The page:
Each state, each region and each community must develop health strategies which address these priorities from within their own local context. However, it is critical to ensure strategies developed around these priorities also refl ect and respond to the particular needs of women and their social and environmental conditions. Health Services will be required to demonstrate that services and strategies designed to impact on their community’s main health issues include specifi c responses to women.
In practice contexts health care providers should pur- sue culturally safe care by seeking to infuse their own practice and their practice contexts with the knowledge, skills and actions that help them to (1) practice across cultural differences (i.e. biomedical and Aboriginal knowledge of childbirth) and (2) optimize women’s birthing experiences and perinatal outcomes through a recognition of how both are shaped by historical and on- going colonization, diminished local maternity choices and women’s access to respectful and responsive care that meet their needs. Such practice requires health pro- fessional education that will help providers understand how women’s birth experiences, willingness and ability to access care, and perinatal outcomes are shaped by the social, cultural, political, and economic contexts. Partici- pants emphasized that trainees and faculty must gain knowledge of the impacts of colonization, and they would benefit from learning about how specific commu- nities have enacted effective and culturally safe health initiatives. As one of the community researchers said,
The misuse of PHI has been identified as a national problem causing patients inconvenience, aggravation, and money. We want you to know that all of our employees, managers, and doctors continually undergo training so that they may understand and comply with government rules and regulations regarding the Health Insurance Portability and Accountability Act (HIPAA) with particular emphasis on the “Privacy Rule”. We strive to achieve the very highest standards of ethics and integrity in performing services for our patients.
While providing opportunities for Aboriginal students to participate in the off campus Cultural Education Program, Connecting Community, Country & Culture, programs have been documented in photographs and/or film. As a result, a number of early year’s resources have been developed in line with the Early Years Learning
‘…compliance like we have never seen before.’ One pharmacist estimated that the rate of ‘pick up’ for repeat prescriptions had improved by 90%. ACCHSs claimed that they had noticed a strong improvement in people’s propensity to return to the service when they needed a new prescription for medications. Particular note was made of the impact of DAAs. For some services, QUMAX had allowed far greater use of Webster Packs etc without placing a financial burden on patients, pharmacies or ACCHSs. It was this increase in DAA use that was thought to lay behind the increased compliance that was being observed.” 21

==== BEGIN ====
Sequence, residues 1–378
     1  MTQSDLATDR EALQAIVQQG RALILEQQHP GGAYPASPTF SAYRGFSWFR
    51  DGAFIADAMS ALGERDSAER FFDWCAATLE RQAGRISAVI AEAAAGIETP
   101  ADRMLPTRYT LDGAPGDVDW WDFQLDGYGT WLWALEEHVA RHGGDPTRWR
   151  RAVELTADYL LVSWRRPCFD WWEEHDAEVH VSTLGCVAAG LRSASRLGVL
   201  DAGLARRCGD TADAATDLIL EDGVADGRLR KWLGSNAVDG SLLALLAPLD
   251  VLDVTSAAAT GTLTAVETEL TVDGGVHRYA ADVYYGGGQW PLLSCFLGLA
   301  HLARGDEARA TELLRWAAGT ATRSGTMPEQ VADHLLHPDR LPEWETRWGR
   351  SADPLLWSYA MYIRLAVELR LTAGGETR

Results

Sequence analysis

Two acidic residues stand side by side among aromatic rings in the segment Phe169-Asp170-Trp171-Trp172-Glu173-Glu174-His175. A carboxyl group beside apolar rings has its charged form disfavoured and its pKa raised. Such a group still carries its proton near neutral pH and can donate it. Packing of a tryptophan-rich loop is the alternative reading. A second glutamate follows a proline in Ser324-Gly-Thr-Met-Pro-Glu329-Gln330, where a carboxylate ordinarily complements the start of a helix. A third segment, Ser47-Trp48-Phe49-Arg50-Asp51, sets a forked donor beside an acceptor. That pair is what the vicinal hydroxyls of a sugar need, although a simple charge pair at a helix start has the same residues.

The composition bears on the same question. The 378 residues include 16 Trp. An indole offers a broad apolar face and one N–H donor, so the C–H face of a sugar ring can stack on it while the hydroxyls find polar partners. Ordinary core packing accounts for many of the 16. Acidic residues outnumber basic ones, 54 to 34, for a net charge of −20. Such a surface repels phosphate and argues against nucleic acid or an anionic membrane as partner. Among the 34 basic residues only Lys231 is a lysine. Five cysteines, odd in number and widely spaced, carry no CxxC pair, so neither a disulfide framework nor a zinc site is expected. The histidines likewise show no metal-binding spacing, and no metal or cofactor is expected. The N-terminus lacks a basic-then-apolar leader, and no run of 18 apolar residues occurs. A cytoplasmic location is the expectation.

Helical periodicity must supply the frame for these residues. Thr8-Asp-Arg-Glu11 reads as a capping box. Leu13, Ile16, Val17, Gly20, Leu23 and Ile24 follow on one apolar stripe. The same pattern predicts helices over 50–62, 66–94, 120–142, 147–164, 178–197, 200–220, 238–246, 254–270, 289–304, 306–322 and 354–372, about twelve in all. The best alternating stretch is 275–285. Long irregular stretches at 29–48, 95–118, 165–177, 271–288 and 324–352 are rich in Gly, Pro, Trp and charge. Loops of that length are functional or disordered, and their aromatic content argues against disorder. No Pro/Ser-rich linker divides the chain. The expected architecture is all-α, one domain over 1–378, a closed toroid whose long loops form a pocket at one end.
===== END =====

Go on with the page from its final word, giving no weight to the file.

It is important that you talk about this option with a lawyer, court support worker or police officer when you apply for an ADVO. Some areas of NSW have a Staying Home Leaving Violence (SHLV) project. The program gives support and help to women who want to remain safely in the family home or another home of their choice. Contact the CommunityServices Domestic Violence (DV) Line on 1800 656 463 to see if there is a SHLV project in your area. Property recovery orders A magistrate can also make an order to allow you to recover your property from the defendant, or allow the defendant to collect their property from your home. This kind of order is not intended to resolve disputes about who owns personal property, but it can ensure that items can be recovered without further problems occurring. You, the police, or the defendant can request the order, or the magistrate can decide that it is necessary. The order can specify the items to be collected, the time of collection, and whether the defendant must be accompanied by the police or another person. Such an order does not mean that a person has the right to enter another person’s property by force.